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Space Science

Nuclear Rockets Moving Along 620

AKAImBatman writes "Bruce Behrhorst of NuclearSpace.com recently stumbled across a new engine from everyone's favorite Jet Engine maker, Pratt & Whitney. Unlike P&W's previous engines, however, this engine is not a jet, and is powered by Nuclear Fission. It seems that P&W has responded to the need for Mars transportation by inventing the first commercially viable nuclear thermal rocket. They have heavily improved upon the NERVA NRX design from the 60's, and have even solved the graphite ablation problem! With this new engine, it seems that an inexpensive trip to Mars is now firmly within our grasp. Will we rise to the challenge?"
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Nuclear Rockets Moving Along

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  • Not quite (Score:4, Insightful)

    by DarkHand ( 608301 ) on Tuesday October 26, 2004 @08:54AM (#10630329)
    Too bad the public fear of anything with the word 'nuclear' in it will grind this project to a halt. :(
    • Re:Not quite (Score:5, Insightful)

      by EvilCowzGoMoo ( 781227 ) on Tuesday October 26, 2004 @08:56AM (#10630349) Journal
      I don't think 'nuclear' alone will ground the rocket. It will however be the scapegoat for any little problem that may arise.
    • by Anonymous Coward on Tuesday October 26, 2004 @08:56AM (#10630350)
      It'll just have be renamed to the "Super fun happy propulsion device"
    • Re:Not quite (Score:3, Informative)

      I suspect few people realize we've launched nuclear materials into space on many occasions. IIRC, the Pioneer probes are nuclear-powered.

      Who knows? We may even have had some of those probes fail to launch properly, in which case the nuclear material had no major ill effects. (That I'm aware of, anyway.)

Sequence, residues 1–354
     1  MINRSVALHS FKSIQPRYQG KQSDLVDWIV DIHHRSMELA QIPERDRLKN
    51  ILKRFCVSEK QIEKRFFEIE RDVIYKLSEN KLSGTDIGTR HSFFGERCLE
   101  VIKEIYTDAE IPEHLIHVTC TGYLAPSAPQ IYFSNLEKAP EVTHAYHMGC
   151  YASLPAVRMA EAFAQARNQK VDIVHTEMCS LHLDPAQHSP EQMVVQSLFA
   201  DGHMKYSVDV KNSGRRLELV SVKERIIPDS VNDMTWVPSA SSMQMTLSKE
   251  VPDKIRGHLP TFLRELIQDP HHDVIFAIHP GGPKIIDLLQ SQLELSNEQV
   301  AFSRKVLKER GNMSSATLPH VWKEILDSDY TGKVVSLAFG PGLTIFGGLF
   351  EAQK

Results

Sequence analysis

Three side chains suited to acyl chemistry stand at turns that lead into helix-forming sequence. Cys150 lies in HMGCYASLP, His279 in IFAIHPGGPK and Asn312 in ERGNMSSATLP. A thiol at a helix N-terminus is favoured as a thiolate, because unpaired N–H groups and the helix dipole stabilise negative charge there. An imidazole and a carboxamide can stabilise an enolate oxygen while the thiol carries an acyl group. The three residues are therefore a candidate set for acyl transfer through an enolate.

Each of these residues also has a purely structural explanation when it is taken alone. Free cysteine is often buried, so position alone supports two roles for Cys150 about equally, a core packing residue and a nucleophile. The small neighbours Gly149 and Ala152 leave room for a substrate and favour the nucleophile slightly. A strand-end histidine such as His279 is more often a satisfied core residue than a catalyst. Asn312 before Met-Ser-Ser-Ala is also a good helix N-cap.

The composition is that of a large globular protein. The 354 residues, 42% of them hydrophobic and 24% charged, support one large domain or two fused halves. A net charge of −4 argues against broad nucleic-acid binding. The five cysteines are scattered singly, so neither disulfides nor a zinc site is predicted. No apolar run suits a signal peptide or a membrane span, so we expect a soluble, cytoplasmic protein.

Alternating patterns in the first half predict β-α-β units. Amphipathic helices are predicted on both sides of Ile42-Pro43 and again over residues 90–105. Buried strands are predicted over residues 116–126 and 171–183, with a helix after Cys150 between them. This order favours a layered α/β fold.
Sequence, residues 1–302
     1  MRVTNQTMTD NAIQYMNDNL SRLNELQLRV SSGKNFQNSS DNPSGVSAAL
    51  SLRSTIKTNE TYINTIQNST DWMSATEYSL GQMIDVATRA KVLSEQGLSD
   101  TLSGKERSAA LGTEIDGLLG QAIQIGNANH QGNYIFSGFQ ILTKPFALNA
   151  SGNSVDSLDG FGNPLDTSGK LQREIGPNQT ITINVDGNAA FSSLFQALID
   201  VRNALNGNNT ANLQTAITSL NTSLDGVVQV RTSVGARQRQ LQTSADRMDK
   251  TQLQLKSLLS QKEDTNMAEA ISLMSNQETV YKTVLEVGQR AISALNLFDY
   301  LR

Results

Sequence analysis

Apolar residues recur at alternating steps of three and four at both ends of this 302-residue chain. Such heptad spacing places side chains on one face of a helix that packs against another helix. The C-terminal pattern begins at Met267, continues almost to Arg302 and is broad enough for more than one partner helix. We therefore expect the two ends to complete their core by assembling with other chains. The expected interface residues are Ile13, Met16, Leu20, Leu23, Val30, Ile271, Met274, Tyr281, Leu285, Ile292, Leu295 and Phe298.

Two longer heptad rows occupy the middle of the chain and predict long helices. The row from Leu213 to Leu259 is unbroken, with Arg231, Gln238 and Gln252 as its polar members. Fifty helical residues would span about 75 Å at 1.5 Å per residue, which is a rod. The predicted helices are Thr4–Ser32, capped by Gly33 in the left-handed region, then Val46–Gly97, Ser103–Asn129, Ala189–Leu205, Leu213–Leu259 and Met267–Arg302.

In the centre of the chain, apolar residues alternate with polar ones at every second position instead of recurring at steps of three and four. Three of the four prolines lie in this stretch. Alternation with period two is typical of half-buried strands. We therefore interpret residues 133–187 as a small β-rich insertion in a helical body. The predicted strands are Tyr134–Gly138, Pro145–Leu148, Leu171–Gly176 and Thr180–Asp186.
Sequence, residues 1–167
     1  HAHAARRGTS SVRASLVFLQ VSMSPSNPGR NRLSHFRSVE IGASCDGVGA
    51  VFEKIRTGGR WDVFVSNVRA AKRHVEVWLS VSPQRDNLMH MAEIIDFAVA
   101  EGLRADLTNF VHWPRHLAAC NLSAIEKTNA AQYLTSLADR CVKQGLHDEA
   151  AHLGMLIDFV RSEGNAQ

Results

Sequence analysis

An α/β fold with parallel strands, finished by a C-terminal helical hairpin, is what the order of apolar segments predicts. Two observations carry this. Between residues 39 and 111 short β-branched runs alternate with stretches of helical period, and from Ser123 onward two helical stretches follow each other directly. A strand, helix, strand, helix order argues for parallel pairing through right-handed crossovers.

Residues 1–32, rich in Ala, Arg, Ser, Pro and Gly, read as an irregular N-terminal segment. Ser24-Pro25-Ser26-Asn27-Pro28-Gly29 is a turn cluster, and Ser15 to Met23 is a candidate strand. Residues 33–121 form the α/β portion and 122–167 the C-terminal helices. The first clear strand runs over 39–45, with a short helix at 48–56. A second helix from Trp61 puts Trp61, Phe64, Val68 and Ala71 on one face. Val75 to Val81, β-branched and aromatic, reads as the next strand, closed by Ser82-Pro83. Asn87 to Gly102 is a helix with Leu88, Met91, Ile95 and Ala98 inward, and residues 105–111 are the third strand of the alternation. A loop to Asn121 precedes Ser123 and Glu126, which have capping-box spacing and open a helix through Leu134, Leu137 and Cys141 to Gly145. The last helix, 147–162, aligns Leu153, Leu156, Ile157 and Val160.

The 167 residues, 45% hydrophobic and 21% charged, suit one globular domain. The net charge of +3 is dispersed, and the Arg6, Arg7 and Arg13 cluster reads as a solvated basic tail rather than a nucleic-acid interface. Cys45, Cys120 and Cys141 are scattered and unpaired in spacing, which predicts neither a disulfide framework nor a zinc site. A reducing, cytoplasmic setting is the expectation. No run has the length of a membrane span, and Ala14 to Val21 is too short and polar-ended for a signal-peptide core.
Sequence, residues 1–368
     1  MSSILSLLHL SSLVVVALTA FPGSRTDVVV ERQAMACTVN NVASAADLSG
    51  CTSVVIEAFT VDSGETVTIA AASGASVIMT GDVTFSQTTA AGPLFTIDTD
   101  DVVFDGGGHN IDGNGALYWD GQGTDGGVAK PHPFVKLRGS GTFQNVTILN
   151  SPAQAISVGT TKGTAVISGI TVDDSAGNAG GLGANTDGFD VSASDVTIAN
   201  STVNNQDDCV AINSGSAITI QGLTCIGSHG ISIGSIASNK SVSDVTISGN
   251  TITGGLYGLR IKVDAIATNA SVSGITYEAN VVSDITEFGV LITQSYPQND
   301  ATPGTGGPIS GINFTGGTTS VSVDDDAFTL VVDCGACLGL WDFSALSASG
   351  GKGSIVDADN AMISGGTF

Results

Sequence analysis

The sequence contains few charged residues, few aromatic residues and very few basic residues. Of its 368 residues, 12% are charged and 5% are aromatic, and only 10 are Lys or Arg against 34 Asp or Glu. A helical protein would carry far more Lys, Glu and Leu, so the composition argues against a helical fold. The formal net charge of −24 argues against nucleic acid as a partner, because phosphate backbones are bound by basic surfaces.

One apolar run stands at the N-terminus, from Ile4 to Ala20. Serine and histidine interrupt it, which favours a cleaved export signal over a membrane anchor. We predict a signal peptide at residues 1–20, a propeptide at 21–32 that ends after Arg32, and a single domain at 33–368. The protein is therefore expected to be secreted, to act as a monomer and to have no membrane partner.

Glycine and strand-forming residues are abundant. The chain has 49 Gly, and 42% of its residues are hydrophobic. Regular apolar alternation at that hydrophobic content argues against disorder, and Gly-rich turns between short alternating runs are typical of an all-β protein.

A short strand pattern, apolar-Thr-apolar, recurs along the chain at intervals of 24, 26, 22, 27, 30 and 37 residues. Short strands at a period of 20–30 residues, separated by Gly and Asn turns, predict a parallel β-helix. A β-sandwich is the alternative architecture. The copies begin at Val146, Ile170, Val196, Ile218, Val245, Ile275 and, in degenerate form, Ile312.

• Re:Not quite (Score:4, Informative)

        by Rei ( 128717 ) on Tuesday October 26, 2004 @12:23PM (#10632421) Homepage
        There's a huge, huge difference between newly minted RTG generators being launched on a one-way trip, and a nuclear thermal rocket on a two-way trip.

        RTGs are incredibly simple devices; they simply generate heat in an enclosed container. No moving parts are needed. The heat moves across a junction in metals to a radiator; a heat differential across a junction in metals can generate power. The simple design allows most of the work to focus on how to seal the radioactive material so that it does the least damage in the event of an accident (instead of having to focus mainly on how to stop an accident from occurring). Also, the quantity of material used in RTGs is typically far, far lower.

        Nuclear thermal rockets are full pressurized gas reactors. They involve all of the effects of vorticity and other hard to simulate phenomina in an incredibly high pressure/high temperature environment that is hard enough to control in a conventional rocket. Such an environment is worse than it initially sounds, because of several factors: 1) Radiation weakens the crystalline structure of reactor materials, and 2) The chemical composition of the fuel rods is constantly changing. Conventional rockets are already somewhat complex beasts (read about how the SSMEs work, for example); this will make SSMEs look like cheap toys.

        Nuclear reactors are not as safe as most people assume; I recommend people read this as a primer:

        http://en.wikipedia.org/wiki/List_of_nuclear_acc id ents

        An explosion in earth's atmosphere on a return trip (i.e., with lots of decay products) would be the absolute worst kind of nuclear accident physically possible. Even on the initial trip out of the atmosphere, however, it would be a Chazhma-bay level disaster.

        Honestly, I don't want to see the effect that this would have on our still-recovering ground-based nuclear power industry (a much simpler task, and yet one we still have a lot of trouble with). That's my primary concern. People are already scared enough of nuclear power as it is; we don't need a nuclear disaster to occur in as publicly-visible location as "right over everyone's heads". It'd kill the industry.
        • Re:Not quite (Score:4, Insightful)

          by OrangeTide ( 124937 ) on Tuesday October 26, 2004 @01:30PM (#10633162) Homepage Journal